Unless or until we put authentication in-place in the webAPI, I think
we need to be very careful about adding admin function to it.

We have clusters with an increasing number of users who are not
cluster admins on them. We don't want to enable them to reconfig the
system. We do want to allow them to use the web UIs to diagnose the
status of their jobs and files.

In our other large clustered applications, we've found that
segregating a web interrogation UI from a file based (or other
control port) based admin UI avoids a lot of pain and allows
administrative flexibility.
On Aug 11, 2006, at 1:14 PM, Doug Cutting (JIRA) wrote:

[ http://issues.apache.org/jira/browse/HADOOP-442?
page=comments#action_12427609 ]

Doug Cutting commented on HADOOP-442:

The slaves file is currently only used by the start/stop scripts,
so it won't help here.

Perhaps the jobtracker and namenode should have a public API that
permits particular hosts to be banned. Then the web ui could then
use this to let adminstrators ban hosts. We could initialize the
list from a config file, in the case of persistently bad hosts.
slaves file should include an 'exclude' section, to prevent "bad"
datanodes and tasktrackers from disrupting a cluster

Key: HADOOP-442
URL: http://issues.apache.org/jira/browse/HADOOP-442
Project: Hadoop
Issue Type: Bug
Reporter: Yoram Arnon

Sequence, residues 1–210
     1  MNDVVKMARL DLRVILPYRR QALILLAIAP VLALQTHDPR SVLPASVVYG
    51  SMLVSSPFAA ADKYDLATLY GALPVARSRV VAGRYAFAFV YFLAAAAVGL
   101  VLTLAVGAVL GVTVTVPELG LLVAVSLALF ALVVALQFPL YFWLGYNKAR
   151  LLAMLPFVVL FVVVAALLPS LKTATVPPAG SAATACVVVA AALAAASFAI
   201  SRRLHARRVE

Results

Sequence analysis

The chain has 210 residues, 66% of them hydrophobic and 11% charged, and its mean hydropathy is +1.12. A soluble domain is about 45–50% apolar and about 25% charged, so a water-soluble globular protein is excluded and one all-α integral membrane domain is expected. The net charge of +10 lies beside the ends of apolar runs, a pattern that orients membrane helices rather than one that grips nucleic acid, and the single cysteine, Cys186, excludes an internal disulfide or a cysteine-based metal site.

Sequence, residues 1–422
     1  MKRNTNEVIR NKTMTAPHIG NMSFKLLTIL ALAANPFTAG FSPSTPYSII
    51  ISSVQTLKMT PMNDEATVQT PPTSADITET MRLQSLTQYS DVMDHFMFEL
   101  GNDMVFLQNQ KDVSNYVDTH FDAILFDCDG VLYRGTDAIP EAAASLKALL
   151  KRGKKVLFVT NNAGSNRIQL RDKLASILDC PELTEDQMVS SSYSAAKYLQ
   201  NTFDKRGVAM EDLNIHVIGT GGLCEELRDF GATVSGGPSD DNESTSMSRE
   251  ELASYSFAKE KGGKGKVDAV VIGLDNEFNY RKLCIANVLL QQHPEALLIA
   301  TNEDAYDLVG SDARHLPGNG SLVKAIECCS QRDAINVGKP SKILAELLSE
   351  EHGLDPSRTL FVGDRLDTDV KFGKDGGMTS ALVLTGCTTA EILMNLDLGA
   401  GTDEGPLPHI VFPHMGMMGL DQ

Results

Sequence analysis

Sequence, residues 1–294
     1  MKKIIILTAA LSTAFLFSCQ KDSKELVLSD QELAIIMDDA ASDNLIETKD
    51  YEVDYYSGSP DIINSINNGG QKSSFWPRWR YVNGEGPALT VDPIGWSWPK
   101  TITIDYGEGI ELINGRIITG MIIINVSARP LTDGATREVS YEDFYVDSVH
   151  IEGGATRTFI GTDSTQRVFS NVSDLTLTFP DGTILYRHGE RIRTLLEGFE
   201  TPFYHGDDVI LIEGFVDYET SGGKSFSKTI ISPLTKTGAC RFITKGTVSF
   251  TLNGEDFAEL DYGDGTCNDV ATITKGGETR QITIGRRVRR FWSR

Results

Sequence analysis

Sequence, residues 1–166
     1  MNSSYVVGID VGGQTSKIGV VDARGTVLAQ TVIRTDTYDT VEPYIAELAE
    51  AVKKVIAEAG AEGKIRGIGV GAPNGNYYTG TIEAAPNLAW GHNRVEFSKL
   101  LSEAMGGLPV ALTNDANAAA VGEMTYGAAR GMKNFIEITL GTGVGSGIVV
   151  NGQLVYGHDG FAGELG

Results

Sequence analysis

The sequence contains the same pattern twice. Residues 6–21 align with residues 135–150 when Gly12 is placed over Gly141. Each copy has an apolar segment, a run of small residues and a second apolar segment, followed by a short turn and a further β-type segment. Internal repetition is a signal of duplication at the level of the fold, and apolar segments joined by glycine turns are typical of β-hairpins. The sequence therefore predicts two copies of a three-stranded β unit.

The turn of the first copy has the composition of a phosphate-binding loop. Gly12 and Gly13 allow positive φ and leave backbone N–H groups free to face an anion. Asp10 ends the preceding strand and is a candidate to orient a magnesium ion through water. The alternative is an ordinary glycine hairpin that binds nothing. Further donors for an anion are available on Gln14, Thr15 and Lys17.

I recently had a few nodes go bad, such that they were
inaccessible to ssh, but were still running their java processes.
tasks that executed on them were failing, causing jobs to fail.
I couldn't stop the java processes, because of the ssh issue, so I
was helpless until I could actually power down these nodes.
restarting the cluster doesn't help, even when removing the bad
nodes from the slaves file - they just reconnect and are accepted.
while we plan to avoid tasks from launching on the same nodes over
and over, what I'd like is to be able to prevent rogue processes
from connecting to the masters.
Ideally, the slaves file will contain an 'exclude' section, which
will list nodes that shouldn't be accessed, and should be ignored
if they try to connect. That would also help in configuring the
slaves file for a large cluster - I'd list the full range of
machines in the cluster, then list the ones that are down in the
'exclude' section
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postedAug 17, '06 at 6:14p
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